By Richard Kadrey
Oh, man, this book is like if author Richard Kadrey took everything I love in fiction and put it all in one book – dark and moody hero detective in a noir-ish mystery, with violent action and Judeo-Christian mythology thrown in. (Have I mentioned before my love for schlocky Judeo-Christian horror movies, like “The Omen” and “The Prophesy”? I have!)
I was having trouble figuring out what else to say about it, really, so I went to see what people wrote on amazon, and more than a few mentioned how immature and dislikable the protagonist was, which embarrassed me a bit, since I rather liked him. James Stark, aka, Sandman Slim, was literally sent to Hell during a magic-ritual-gone-wrong in his late teens, and the novels opens with him finding his way back to Earth eleven years later, set on revenge toward those who sent him down.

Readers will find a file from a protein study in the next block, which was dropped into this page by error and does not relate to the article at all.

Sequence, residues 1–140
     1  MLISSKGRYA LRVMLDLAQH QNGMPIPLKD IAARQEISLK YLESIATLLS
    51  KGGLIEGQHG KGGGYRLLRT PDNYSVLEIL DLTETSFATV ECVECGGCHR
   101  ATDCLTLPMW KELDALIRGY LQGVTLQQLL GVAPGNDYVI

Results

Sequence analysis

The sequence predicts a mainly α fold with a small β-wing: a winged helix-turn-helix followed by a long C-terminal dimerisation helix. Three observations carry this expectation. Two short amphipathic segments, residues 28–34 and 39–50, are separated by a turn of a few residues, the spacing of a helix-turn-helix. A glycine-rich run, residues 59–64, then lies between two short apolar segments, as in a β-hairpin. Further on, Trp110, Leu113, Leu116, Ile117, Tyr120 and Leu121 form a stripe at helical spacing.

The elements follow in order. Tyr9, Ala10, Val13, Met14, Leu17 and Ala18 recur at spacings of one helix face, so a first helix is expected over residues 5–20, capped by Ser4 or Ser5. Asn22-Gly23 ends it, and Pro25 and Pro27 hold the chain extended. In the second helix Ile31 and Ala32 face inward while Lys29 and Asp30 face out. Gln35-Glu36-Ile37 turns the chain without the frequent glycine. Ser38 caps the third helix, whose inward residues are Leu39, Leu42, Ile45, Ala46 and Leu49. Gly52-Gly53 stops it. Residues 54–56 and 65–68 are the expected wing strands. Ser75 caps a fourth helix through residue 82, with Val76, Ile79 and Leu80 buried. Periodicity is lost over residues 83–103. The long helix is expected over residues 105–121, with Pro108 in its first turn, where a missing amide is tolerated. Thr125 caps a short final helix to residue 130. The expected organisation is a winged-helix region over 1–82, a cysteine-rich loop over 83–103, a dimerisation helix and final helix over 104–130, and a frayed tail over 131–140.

He returns a bit psychotic, with some serious impulse-control issues, but I give him a lot of leeway, what with his early adulthood in Hell. As the backstory began unfolding, I realized that it reminded me a bit of The Magicians. Kinsey has previously favorably reviewed The Magicians, but when I read it later, I didn’t like it much at all – I thought all of the characters were spoiled brats who made everything and everyone around them worse. Sandman Slim felt like a natural conclusion to The Magicians – all of their arrogant blundering has finally bit them in the ass, and the one bitten the worst has grown up (a little) and is going to make the rest of them pay. It was just very satisfying, and has seriously been the best thing in the last couple really crappy weeks.